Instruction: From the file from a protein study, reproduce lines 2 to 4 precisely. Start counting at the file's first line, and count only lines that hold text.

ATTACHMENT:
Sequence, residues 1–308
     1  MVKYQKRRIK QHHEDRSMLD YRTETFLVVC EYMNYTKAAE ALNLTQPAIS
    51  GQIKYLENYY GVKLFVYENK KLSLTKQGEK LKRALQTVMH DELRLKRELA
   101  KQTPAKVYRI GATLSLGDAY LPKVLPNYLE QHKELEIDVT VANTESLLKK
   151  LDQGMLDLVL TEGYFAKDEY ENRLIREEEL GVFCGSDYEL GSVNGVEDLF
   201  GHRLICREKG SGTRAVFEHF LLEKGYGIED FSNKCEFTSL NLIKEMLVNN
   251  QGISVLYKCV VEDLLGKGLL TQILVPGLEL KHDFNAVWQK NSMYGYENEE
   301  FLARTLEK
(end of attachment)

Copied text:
     1  MVKYQKRRIK QHHEDRSMLD YRTETFLVVC EYMNYTKAAE ALNLTQPAIS
    51  GQIKYLENYY GVKLFVYENK KLSLTKQGEK LKRALQTVMH DELRLKRELA
   101  KQTPAKVYRI GATLSLGDAY LPKVLPNYLE QHKELEIDVT VANTESLLKK